CONGRATULATIONS to the 2017 Junior and Senior Division level winners of the Milt Zaslow Award for Cryptology. The 2017 Maryland History Day event took place on 29 April and featured, as always, exceptional and inspiring student presentations and projects. The theme for this year's event was "Taking a Stand in History." Click HERE to see the full list of 2017 winners.
2017 Senior Division Winners
Invisible Hero: Tony Mendez and the Rescue of the American Houseguests During the Iranian Hostage Crisis
Students: Katherine Harvey, Kelly McGovern, and Abigail Haffey
Teacher: Christine Pritt
School: Frederick Homeschoolers, Frederick County
Category: Group Performances
2017 Junior Division Winner
Navajo Code Talkers: Taking a Stand in History
Student: William George
Teacher: Thomas Hayman
School: Centreville Middle School, Queen Anne’s County
Category: Individual Documentaries
2016 Milt Zaslow Award Winners
Congratulations to the 2016 winners of the Milton Zaslow Award for Cryptology!
Ms. Kelly McGovern, Junior Level Award Winner, for her performance of "The Limping Lady: Virginia Hall, the Most Dangerous Allied Spy of World War II." Ms. McGovern is from Frederick County - Frederick Homeschoolers and her teacher is Ms. Christine Pritt.
Ms. Megan Tatum and Ms. Alice Walker, Senior Level Award Winners, for their performance of "Running Out of Time: The Forgotten Polish Exploration of Enigma." Ms. Tatum and Ms. Walker attend Poolesville High School in Montgomery County, MD. Their teacher is Mr. Daniel McKenna.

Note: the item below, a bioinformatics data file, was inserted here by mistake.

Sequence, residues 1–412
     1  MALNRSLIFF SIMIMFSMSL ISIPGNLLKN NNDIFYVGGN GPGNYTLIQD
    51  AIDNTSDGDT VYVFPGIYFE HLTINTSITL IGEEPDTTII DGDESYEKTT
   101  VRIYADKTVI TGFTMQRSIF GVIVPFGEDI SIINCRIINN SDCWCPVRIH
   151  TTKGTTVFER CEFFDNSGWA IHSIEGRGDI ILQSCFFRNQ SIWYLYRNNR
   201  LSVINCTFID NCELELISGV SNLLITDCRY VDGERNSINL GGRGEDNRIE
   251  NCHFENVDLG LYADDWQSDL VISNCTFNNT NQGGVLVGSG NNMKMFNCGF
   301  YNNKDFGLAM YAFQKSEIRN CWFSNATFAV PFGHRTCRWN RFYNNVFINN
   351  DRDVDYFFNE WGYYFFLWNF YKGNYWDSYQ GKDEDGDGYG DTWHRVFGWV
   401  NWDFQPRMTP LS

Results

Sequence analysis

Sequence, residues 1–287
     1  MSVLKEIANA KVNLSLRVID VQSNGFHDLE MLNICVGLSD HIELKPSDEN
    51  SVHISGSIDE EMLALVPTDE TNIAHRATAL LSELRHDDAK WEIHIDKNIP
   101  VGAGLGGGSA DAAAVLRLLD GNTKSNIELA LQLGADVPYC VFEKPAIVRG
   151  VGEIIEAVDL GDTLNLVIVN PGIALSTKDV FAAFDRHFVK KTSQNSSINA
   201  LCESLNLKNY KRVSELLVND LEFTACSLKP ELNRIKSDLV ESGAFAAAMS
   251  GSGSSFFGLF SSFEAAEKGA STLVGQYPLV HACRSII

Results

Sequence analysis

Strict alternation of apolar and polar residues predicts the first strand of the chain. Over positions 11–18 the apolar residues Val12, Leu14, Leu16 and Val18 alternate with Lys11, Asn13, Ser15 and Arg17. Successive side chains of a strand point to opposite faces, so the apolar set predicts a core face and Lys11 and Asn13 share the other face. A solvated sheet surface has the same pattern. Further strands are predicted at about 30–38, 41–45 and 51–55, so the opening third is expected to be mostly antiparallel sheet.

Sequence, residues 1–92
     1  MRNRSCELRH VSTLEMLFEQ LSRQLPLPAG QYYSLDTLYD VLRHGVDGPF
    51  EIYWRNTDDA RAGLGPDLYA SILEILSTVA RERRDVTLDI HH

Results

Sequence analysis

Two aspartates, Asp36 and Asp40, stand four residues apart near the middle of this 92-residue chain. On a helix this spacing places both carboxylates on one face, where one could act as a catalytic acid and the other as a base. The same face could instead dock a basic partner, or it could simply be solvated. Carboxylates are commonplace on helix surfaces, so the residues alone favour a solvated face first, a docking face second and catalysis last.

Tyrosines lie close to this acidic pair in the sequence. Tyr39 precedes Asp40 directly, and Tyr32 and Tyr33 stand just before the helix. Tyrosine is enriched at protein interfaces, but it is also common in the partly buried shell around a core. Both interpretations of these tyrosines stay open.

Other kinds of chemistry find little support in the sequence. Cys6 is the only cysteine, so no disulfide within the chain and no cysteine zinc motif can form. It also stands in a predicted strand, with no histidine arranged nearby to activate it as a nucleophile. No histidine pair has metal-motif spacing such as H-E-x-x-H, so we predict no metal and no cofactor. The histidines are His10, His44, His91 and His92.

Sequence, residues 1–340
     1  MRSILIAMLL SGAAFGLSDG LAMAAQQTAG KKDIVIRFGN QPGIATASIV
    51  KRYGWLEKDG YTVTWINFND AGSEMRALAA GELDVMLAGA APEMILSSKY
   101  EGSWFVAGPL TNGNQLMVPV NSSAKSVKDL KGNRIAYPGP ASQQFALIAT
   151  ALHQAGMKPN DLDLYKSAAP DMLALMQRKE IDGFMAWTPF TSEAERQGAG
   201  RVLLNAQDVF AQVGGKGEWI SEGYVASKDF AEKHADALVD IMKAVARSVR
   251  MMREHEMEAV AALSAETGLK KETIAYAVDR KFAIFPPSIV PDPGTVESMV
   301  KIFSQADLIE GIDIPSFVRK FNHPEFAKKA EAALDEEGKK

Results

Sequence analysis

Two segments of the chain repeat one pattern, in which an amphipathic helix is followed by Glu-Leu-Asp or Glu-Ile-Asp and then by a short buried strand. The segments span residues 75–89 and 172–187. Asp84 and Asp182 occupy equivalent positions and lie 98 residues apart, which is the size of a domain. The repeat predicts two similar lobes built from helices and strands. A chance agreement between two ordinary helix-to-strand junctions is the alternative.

2015 Milt Zaslow Award Winners
CONGRATULATIONS to the following winners of the 2015 Milt Zaslow Award in Cryptology!
Senior Division: Students - Alan Gorny and Srinayan Nuvvala, Documentary - "Alan Turing: Codebreaker." From Howard High School in Howard County. Teachers - Danelle Brennan and Mary Curtin.
Junior Division: Student - Grady Fort, Created a Web site - "Alan Turing: An Enigma No More." From Southern Middle School in Calvert County. Teacher - Melissa Kallfelz.
2014 Milt Zaslow Award Winners
Senior Division: Mr. Jeremy Davis was selected as the winner for his presentation, The NSA Scandal. Mr. Davis attends Bohemia Manor High School in Cecil County and his teacher is Mr. Michael Means.
Junior Division: Ms. Carlie Domogauer and Ms. Kristen Tull were selected as the winners for their presentation, Women Spies. Ms. Domogauer and Ms. Tull attend Matapeake Middle School in Queen Anne's County and their teacher is Ms. Jillian Ferris.
2013 Milt Zaslow Award Winners
The 2013 Milt Zaslow Award Senior Division Winners were students from Polytechnic Institute in Baltimore, Maryland with their exhibit about "The Effect of the Navajo Code Talkers on U.S. - Native American Relations After WWII." Both the Senior and Junior winning exhibits were on display at the NCM for two weekends and the students were on hand to discuss their work and answer questions.
The 2013 Milt Zaslow Award Junior Division winners were students from Matapeake Middle School in Stevensville, Maryland. Their winning exhibit focused on the Navajo Code Talkers.
The ten-year grant was made possible by the generosity of the Foundation's general membership and the family of Mr. Zaslow who contributed to the Foundation's In Memoriam Program to commemorate Mr. Zaslow's many contributions to the field of cryptology. The Foundation decided that the most fitting memorial of all would be to establish a monetary award, the Milt Zaslow Award, honoring and encouraging Maryland History Day Contest participants who submit work focused on cryptology.